In addition to other penalties associated with Michigan's DUI laws, a commercial driver who is convicted of DUI while operating any vehicle for the first time will have his or her commercial driver's license suspended for one year. If, however, the offender was driving a commercial vehicle and transporting hazardous materials at the time, the suspension period is three years. If a commercial driver in Michigan commits a second DUI while driving any vehicle, the offender's commercial driver's license will be suspended for life, which may or may not be reduced to a period of 10 years.

Drivers Under 21

  • First-time offenders in Michigan are subject to up to 360 hours of community service, a fine of up to $500, or both.
  • Those in Michigan who commit a second or subsequent offense are subject to one or more of the following punishments: up to 93 days in prison; a fine of up to $500; and 60 days of community service.
  • A driver under 21 in Michigan who commits a DUI while a passenger under 16 is in the vehicle is subject to one or more of the following punishments: up to 93 days in prison; a fine of up to $500; and 60 days of community service A driver under 21 who commits a second or subsequent DUI while a passenger under 16 is in the vehicle must pay a fine of $200 to $1,000. These offenders are also subject to a term of imprisonment of up to one year, community service of 30 to 90 days, or both.

What is Michigan's Dram Shop Law?
Under Michigan law, a licensed Michigan drinking establishment is prohibited from serving alcohol to minors and visibly intoxicated persons. If an unlawful sale causes a minor or a visibly intoxicated person to injure another, the injured person may file an action for damages against the drinking establishment. This law requires that suit must be filed within two years of the injury. Additionally, written notice to all defendants must be given within 120 days after the plaintiff enters into an attorney-client relationship for the purpose of pursuing a claim under this law. If proper notice is not given, the claim may be dismissed. This law also requires that the minor or visibly intoxicated person be a named defendant in the action and be retained as a defendant in the action until it is concluded by trial or settlement. Under this law, a visibly intoxicated person has no right of action against a drinking establishment for injuries he or she suffers as a result of intoxication.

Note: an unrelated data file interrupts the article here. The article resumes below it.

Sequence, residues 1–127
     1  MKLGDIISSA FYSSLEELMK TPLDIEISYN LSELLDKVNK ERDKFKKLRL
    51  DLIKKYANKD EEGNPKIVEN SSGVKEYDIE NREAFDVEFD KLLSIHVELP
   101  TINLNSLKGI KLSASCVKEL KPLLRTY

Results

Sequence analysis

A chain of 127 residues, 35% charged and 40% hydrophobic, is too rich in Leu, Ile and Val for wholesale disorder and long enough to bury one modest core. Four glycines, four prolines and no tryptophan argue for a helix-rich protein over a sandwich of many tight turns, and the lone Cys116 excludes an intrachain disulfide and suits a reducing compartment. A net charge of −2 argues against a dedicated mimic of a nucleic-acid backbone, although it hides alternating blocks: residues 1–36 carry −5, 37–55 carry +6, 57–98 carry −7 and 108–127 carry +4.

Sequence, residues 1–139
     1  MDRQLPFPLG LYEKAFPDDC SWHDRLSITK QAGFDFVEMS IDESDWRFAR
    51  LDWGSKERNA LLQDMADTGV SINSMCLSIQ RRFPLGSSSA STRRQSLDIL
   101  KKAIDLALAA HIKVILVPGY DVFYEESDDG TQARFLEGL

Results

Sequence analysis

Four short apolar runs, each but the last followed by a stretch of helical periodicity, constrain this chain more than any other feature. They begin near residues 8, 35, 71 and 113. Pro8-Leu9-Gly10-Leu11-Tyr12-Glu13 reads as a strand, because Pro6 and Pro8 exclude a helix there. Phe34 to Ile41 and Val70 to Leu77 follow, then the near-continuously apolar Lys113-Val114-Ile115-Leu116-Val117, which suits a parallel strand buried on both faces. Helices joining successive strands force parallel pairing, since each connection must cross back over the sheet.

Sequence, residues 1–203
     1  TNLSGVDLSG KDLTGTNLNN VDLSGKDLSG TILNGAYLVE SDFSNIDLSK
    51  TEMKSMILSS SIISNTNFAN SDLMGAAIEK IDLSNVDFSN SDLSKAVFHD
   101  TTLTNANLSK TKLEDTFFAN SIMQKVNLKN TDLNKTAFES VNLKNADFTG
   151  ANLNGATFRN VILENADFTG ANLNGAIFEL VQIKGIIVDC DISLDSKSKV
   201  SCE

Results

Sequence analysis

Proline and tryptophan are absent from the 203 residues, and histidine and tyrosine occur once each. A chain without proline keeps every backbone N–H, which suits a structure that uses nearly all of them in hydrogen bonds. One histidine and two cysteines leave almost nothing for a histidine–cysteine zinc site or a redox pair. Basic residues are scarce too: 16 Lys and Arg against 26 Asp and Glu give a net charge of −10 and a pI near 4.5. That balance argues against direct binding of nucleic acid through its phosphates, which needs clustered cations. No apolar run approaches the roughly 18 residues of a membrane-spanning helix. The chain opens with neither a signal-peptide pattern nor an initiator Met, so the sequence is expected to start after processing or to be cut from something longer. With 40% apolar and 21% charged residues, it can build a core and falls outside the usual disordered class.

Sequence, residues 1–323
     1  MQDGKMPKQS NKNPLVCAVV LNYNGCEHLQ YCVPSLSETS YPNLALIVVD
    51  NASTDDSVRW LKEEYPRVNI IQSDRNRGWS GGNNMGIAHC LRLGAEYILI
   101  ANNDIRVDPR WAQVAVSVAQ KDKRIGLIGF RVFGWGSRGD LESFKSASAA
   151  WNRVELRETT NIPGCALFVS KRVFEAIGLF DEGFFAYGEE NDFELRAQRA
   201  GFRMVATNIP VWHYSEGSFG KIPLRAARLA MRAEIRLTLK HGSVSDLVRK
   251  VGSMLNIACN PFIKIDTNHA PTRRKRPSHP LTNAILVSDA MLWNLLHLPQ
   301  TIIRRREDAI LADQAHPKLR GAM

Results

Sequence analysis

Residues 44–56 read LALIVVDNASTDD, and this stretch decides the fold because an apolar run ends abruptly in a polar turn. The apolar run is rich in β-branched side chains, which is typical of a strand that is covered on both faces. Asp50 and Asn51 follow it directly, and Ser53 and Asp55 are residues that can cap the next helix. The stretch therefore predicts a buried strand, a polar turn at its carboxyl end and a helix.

What is Michigan's Liquor Liability Insurance Statute?
Under this statute, licensed drinking establishments in Michigan are required to carry at least $50,000 of liquor liability insurance to provide security for liability under Michigan's Dram Shop Law.

Criminal Penalties in Michigan for Furnishing Alcohol to a Minor
In Michigan, it is a crime for an adult to furnish alcohol to a person under 21. A person who violates this law for the first time is subject to serve up to 60 days in prison and pay a fine up to $1,000. A person who commits a second or subsequent violation is subject to 90 days in prison and a fine up to $2,500. The offender may also be ordered to perform community service. If, however, the minor dies or suffers injury because of intoxication, the adult who furnished the alcohol faces up to 10 years in prison, a fine of up to $5,000, or both.

Criminal Penalties in Michigan for Selling Alcohol to a Minor
An employee or agent of a licensed drinking establishment in Michigan who sells or serves alcohol to a minor is subject to up to six months in prison, a fine of up to $500, or both.

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  • Facts
  • Over time, excessive alcohol use can lead to the development of chronic diseases, neurological impairments and social problems. These include but are not limited to: Psychiatric problems, including depression, anxiety, and suicide.
  • It will take a person at least one hour to burn up the alcohol in one standard sized drink, unless the person eats a meal while drinking or directly thereafter.
  • Glutamate is an excitatory amino acid that is part of the transmitter systems in the brain that might be affected to produce alcohol's "intoxication"; this amino acid is located throughout the brain and can be inhibited or enhanced by different doses of alcohol.
  • Much research that is related to alcohol has consistently indicated that the long-term use of high amounts of alcohol is known to damage brain cells; it is not yet clear whether alcohol abuse (as in binge drinking0 over the short term can permanently damage nerve cell neurotransmitter receptors.